Dealing with Employee Theft

Dealing with Employee Theft

Dealing with Employee Theft scale

Internal theft is one of the biggest causes of loss in the retail industry. It’s awful to think that one of your employees would steal from you, but unfortunately it does happen. According to Retail Ireland, 39% of Irish retailers have experienced theft of stock by employees. If you catch an employee stealing from your store, it’s only natural to feel betrayed and your gut instinct is probably to fire them. This is a bad idea. While it seems clear cut that if someone is stealing, they should be fired, it’s important to follow the proper employment disciplinary procedures. The last thing you want is to end up paying a settlement to someone, who has already cost you a lot, because of a claim of unfair dismissal. Unlike a legal procedure where you must prove beyond reasonable doubt that someone is guilty, thankfully employment investigations only need to prove that an employee probably committed theft (SIPTU explains more on this in their article here). However, when dealing with employee theft you must use fair procedures to avoid a claim of unfair dismissal.


Contract of Employment & Staff Handbook

One thing that’s important for all employees starting with your business is a Contract of Employment. This contract should clearly outline the terms and conditions of their employment (such as the probationary period). Both it and your Staff Handbook should outline your disciplinary procedures. Both these pieces of documentation are very important for you as the employer. A probationary period can give you a chance to see if the employee is a good fit for your business and gives you a chance to notice any major issues. The benefit of this period is that if any such issues are discovered employees don’t have to be kept on. The disciplinary procedures outlined in your Staff Handbook serve as a guideline, for both the staff member and the employer. This ensures a fair, unbiased and systematic series of steps in the case of a problem, such as the discovery of theft. Having these steps in place and following them in any dismissal case is crucial.


Investigation Process

As part of the disciplinary procedure you may have an investigation process. Carrying out a disciplinary investigation even in cases where there’s been an admission of guilt or an abundance of proof, is a vital part of effectively implementing the disciplinary procedure. This investigation should take place before any correctional action to ensure fairness and justice which stands to you if ever brought to a court of law. You need to be able to prove you have justifiable grounds based on solid evidence, before dismissing a member of staff, so that you are not dragged into a claim of unfair dismissal or a costly legal battle. This is why thoroughly completing an investigation into the apparent transgression is crucial.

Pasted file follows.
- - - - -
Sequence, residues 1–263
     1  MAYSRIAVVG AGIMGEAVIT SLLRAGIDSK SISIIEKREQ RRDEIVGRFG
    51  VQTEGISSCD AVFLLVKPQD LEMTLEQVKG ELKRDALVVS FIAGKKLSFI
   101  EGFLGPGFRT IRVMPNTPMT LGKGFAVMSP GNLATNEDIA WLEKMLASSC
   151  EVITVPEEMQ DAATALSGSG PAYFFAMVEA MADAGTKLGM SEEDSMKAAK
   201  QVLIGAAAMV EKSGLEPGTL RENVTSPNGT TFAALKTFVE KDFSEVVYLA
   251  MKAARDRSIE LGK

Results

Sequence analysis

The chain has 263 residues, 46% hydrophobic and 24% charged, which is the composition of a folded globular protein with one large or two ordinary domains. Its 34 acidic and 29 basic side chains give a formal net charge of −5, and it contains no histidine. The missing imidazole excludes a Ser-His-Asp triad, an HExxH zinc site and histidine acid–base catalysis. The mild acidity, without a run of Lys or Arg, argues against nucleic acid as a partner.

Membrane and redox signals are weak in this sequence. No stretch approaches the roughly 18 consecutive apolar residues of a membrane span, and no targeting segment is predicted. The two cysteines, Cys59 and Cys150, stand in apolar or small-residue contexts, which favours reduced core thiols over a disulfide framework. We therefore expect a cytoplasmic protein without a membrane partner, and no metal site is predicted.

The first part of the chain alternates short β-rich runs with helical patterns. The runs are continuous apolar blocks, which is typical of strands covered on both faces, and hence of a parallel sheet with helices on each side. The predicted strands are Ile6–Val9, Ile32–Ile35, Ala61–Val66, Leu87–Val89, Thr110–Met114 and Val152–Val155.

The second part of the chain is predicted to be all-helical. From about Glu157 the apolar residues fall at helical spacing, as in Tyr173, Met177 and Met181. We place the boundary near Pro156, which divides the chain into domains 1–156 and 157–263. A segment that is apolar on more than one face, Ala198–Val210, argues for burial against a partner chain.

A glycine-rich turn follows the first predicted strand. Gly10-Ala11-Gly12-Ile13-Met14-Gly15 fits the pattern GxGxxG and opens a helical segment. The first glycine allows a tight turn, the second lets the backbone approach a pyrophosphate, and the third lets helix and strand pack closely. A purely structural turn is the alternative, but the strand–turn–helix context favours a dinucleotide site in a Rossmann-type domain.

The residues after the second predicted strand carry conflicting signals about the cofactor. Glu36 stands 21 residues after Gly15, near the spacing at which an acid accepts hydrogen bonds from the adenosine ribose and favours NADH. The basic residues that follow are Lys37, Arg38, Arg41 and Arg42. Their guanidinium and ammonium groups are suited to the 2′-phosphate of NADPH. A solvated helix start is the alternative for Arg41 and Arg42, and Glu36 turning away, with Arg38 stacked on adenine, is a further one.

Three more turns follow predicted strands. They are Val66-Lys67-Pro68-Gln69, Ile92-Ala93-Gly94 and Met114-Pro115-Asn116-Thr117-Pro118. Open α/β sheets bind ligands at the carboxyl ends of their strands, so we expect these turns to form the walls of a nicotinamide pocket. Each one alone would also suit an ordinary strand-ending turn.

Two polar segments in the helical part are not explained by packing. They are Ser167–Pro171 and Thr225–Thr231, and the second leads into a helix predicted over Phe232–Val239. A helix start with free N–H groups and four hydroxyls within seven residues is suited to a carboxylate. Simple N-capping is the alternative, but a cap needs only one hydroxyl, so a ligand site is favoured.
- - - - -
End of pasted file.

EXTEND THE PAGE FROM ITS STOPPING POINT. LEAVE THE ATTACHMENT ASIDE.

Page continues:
Staff Search Policy

It can seem extreme but having a staff search policy in your Employee Handbook can be a good preventive measure. Having a ‘Right to Search’ policy in place is a perfectly legitimate way to gather proof of theft. However, if this policy is not outlined in the employee’s Contract of Employment and your Staff Handbook, then a staff member is completely within their rights to refuse to submit to a search without any repercussions. If you don’t have this policy as standard in your business, you should introduce it now.


Follow Procedures

The most important thing to remember is to follow procedure! Having the right policy and procedures in place mean nothing if you don’t remember to actually follow them. You should also ensure that you give the staff member the chance to refute allegations and defend themselves. The employee has a right to review and respond to any evidence you are relying on. Don’t forget that employees are entitled to be accompanied to any disciplinary meetings and to appeal any disciplinary actions.



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